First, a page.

Puget Sound Naval Shipyard and Intermediate Maintenance Facility (IMF) are seeking shipyard volunteers to help overcome a staffing shortage of more than 600 mechanics, a result of the Navy-mandated hiring freeze.
Despite being exempt from Defense Department-wide employee furloughs, Puget Sound Naval Shipyard and IMF is struggling to minimize the hiring shortfall on planned availabilities for the submarine USS Jimmy Carter (SSN 23), the Trident ballistic missile submarine USS Kentucky (SSBN 737), the submarine USS Connecticut (SSN 22) and the nuclear-powered Nimitz-class aircraft carrier USS John C. Stennis (CVN 74).
Shipyard Commander Capt. Steve Williamson asked interested parties to put their name on the volunteer list. He is seeking both shipyard employees, with specialized experience who have moved into management, and unskilled workers who can perform basic manual tasks to allow the more experienced employees to fill in for the vacant mechanic positions.
"We are at a pivotal point," said Williamson. "We are going to rely on the talent of this command to step up and earn the trust we were given with the furlough exemption. Let me give you the bottom line here. We need you. We must do something different, so we can do what we have been asked to do.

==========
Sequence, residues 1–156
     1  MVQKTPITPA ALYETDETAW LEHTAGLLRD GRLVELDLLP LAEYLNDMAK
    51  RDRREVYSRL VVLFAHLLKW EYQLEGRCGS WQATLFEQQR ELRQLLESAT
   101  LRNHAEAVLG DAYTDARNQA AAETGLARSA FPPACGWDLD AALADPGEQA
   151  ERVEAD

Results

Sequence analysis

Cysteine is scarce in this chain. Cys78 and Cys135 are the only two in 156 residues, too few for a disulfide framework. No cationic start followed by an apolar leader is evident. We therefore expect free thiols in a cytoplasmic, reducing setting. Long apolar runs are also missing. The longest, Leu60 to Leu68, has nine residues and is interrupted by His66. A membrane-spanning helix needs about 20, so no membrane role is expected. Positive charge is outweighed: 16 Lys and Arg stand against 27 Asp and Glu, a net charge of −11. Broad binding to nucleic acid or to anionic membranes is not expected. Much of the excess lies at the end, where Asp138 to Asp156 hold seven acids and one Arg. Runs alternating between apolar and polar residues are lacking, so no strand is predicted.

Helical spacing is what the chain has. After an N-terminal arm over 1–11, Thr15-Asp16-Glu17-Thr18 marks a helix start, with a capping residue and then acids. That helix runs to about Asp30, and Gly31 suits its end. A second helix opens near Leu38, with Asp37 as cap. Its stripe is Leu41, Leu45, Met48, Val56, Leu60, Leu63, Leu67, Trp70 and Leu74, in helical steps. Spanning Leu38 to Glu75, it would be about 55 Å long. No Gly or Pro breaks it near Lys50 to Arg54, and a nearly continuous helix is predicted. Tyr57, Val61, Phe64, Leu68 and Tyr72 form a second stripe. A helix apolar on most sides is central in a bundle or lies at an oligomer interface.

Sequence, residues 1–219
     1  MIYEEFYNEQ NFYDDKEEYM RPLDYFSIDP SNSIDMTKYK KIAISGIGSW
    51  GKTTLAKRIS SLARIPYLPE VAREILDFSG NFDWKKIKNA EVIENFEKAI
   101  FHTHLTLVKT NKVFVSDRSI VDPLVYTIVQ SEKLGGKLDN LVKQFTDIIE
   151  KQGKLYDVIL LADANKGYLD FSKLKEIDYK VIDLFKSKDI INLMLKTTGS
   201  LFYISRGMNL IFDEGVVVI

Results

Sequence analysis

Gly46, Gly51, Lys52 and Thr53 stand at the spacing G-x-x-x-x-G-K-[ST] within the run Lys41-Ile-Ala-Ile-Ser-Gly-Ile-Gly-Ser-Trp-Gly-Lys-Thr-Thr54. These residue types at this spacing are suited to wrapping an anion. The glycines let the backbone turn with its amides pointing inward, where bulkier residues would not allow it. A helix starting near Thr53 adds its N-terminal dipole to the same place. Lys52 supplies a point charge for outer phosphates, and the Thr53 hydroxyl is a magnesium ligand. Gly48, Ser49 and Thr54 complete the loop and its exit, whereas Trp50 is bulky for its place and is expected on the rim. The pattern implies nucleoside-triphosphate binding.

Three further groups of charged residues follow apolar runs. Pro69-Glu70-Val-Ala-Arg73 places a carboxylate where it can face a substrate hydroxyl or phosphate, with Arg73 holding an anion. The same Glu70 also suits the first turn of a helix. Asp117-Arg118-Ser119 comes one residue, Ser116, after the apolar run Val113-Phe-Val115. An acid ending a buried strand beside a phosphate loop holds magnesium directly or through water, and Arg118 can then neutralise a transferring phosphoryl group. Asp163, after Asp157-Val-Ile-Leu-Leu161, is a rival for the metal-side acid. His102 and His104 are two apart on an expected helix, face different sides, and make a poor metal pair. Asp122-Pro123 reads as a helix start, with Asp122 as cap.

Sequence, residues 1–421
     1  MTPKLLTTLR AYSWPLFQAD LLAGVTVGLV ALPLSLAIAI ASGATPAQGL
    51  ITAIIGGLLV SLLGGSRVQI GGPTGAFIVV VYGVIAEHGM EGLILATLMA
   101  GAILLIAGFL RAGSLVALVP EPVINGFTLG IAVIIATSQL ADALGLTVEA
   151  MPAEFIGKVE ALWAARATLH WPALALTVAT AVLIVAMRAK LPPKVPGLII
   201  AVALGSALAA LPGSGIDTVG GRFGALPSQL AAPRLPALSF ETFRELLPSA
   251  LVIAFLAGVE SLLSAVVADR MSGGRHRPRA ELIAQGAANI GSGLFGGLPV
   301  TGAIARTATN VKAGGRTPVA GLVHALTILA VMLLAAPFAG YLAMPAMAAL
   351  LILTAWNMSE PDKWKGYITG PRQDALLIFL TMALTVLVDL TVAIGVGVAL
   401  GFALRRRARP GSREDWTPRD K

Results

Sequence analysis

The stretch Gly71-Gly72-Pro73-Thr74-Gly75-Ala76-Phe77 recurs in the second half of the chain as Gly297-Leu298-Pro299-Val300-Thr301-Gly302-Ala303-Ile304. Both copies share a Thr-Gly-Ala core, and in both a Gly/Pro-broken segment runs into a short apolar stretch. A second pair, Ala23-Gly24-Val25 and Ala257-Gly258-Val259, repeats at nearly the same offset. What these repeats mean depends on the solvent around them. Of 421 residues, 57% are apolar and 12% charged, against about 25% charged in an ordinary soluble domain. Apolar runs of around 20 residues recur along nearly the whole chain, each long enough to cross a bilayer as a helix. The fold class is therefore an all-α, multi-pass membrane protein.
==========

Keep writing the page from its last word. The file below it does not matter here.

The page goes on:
The potential volunteer's list is being built rapidly. People can be assigned to where they are needed and where their initiative and skills can support the workload. A process is in place to match the volunteers' skills with the work that needs to be accomplished.
During fiscal year 2013, all four naval shipyards are exempted from furloughs, as there is a critical need to return nuclear powered submarines and aircraft carriers to the fleet. Puget Sound Naval Shipyard and IMF was preparing to offer jobs to more than 600 mechanics before the Navy mandated a temporary hiring freeze.